I've really been enjoying these simulations. A week ago, this blog post would have seemed like a foreign language. But now, I'm excited to work more and more on this project of creating these fake galaxies, mostly because I know where this work is heading. Soon enough, these fakes will be put in simulated fake backgrounds, so we can determine their detectability. And, ultimately, we'll determine how detectable dwarfs like these fakes would be in our own sky...

As a side note-- a special blog Thank You goes to Beth, who has been putting up with me in her office for long periods of time these past few days. I know she has a ton to work on, so I'm feeling pretty grateful that she takes so much time out of her day to help me. THANKS BETH!

Tuesday, June 22, 2010

Making Fakes

It's happening! After closing loops on old data analysis projects, and writing about it LaTeX, I'm beginning the process of making fake dwarfs!

What this means, is that I take random star samples from the Ursa Major HST stellar data set, and make them into other "fake" dwarf galaxies. I did this many times, and had not 1, not 2, but 25
figures to bring to group meeting today. They were all of CMD's of these fakes, some of several fakes of the same sample size overplotted on one another. After group meeting, I calculated total magnitudes of these simulated dwarfs.

Next step: randomly distribute said stars spherically with an exponential fit. Beth will show me how to do this tomorrow.

Big goal: put these fakes at different distances and against different backgrounds, and LOOK FOR THEM!

We're approaching the halfway mark soon enough, so it would be great to get hopping on this!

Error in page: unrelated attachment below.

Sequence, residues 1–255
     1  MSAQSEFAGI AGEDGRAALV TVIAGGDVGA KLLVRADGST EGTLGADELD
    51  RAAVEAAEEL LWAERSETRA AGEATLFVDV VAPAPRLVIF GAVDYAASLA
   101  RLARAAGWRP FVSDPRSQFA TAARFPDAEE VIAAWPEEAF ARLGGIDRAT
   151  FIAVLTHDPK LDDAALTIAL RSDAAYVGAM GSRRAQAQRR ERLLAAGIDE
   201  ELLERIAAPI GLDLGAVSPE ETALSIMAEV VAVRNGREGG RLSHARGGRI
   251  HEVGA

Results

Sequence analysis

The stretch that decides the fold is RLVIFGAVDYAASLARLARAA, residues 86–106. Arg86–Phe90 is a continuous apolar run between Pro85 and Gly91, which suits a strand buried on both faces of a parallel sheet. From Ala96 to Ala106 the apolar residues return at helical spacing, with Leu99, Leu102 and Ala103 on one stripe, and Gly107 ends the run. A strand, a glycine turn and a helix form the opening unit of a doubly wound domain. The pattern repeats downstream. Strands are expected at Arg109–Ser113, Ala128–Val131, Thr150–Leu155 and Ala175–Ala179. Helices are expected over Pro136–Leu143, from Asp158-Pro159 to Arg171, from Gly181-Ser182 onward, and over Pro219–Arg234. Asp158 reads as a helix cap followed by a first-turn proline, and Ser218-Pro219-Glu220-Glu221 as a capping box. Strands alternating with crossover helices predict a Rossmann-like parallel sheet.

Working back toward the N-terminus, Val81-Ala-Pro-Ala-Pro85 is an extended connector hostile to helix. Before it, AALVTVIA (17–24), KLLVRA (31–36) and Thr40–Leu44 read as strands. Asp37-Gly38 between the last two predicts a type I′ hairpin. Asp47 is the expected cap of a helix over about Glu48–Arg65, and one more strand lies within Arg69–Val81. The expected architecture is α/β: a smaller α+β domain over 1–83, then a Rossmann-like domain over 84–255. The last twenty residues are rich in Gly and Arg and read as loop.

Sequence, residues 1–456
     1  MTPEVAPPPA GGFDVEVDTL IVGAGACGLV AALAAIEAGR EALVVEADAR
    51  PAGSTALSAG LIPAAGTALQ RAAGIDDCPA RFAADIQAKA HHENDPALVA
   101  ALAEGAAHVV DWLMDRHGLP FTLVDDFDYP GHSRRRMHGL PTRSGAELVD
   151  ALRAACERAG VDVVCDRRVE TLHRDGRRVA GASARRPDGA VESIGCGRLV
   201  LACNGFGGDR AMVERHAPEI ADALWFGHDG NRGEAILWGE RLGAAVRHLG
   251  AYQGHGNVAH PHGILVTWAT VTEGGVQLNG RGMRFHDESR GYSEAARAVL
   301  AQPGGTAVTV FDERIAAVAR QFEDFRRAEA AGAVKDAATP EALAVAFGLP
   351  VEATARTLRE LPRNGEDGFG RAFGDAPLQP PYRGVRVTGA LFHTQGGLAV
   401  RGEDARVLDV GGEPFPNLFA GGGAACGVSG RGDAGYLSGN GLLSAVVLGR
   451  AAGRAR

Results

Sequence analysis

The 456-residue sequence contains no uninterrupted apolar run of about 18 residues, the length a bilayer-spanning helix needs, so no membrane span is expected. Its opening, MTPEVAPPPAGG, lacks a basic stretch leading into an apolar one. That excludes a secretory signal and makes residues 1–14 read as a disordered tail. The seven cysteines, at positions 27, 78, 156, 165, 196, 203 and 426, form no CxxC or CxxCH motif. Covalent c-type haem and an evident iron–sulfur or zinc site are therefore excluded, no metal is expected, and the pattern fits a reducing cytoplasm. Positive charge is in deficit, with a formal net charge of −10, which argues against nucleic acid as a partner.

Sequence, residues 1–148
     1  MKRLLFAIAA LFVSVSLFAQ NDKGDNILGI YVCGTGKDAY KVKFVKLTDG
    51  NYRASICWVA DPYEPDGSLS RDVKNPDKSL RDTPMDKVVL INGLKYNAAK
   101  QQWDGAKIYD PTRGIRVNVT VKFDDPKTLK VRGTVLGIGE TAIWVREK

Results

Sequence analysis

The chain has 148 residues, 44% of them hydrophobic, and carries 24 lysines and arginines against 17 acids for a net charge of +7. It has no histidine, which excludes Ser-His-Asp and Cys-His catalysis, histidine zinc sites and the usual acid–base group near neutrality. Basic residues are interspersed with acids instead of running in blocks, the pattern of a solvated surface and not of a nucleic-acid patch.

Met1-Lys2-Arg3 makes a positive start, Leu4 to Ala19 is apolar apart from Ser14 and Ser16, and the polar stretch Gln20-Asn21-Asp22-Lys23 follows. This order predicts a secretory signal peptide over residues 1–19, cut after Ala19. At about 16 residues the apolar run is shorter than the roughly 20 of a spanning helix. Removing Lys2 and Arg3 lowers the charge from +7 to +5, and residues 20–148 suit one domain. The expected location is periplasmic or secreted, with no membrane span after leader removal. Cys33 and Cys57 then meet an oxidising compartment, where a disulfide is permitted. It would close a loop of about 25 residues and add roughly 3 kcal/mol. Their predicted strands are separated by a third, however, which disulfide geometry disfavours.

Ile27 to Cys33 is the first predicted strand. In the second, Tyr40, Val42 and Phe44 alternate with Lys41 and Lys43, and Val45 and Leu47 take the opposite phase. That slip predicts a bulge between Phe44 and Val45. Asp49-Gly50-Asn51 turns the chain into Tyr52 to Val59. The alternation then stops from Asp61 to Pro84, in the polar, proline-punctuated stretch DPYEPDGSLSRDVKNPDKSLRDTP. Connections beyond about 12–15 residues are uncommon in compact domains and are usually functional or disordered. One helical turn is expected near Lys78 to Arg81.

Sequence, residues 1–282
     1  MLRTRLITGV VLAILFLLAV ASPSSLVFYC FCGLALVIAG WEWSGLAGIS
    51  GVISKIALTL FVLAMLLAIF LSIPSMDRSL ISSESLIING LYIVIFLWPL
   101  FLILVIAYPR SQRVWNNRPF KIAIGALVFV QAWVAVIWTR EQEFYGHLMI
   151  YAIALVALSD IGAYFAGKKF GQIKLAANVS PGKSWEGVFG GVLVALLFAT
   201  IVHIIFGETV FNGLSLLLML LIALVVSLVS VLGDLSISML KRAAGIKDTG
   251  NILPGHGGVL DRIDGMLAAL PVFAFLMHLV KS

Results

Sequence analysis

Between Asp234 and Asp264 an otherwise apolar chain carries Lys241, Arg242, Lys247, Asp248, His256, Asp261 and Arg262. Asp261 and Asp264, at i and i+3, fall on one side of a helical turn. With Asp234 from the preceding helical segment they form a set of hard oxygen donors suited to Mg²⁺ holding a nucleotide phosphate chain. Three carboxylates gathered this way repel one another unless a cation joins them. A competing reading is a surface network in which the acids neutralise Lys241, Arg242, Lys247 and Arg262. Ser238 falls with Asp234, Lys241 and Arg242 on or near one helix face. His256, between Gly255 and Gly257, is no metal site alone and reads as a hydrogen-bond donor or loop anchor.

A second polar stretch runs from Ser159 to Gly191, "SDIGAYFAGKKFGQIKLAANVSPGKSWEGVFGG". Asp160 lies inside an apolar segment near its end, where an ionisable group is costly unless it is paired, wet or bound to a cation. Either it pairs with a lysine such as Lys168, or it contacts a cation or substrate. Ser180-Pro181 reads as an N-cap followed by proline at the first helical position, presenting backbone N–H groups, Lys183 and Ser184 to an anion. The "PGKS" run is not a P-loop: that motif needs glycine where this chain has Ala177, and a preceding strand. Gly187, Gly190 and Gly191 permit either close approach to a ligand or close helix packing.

Science is so cool.

Friday, June 18, 2010

Something to show for the past four weeks

I have the most beautiful LaTeX document that has ever been made. Or, at least I think so, (in a maternal way).

Let me tell you a little about it. First and foremost, it documents every piece of valuable work I have done over the past four weeks. It has every derivation, every error calculation, every figure, every investigation... I'm very proud.

Also, all the bits and pieces are in the places I want them to be! I know, I know-- I vowed yesterday not to consume my time with layouts, but I did it anyway. Although, it didn't really take too much of my time. There are apparently plenty of people out there who are frustrated with this flaw of LaTeX, and several of them wrote about how to fix those problems and published their findings on the wonderful World Wide Web.

Also, in addition to the sections I planned to write as I posted on Tuesday, I also wrote a section analyzing the depths of different stellar data sets in hopes of eventually simulating fake dwarf galaxies. By looking at data sets from 5 dwarfs, and a data set from one globular cluster, I was able to determine which would provide the best CMD to model our fake dwarf on. (Turned out to be Ursa Minor, but I'll let you read the document for the reasons why.)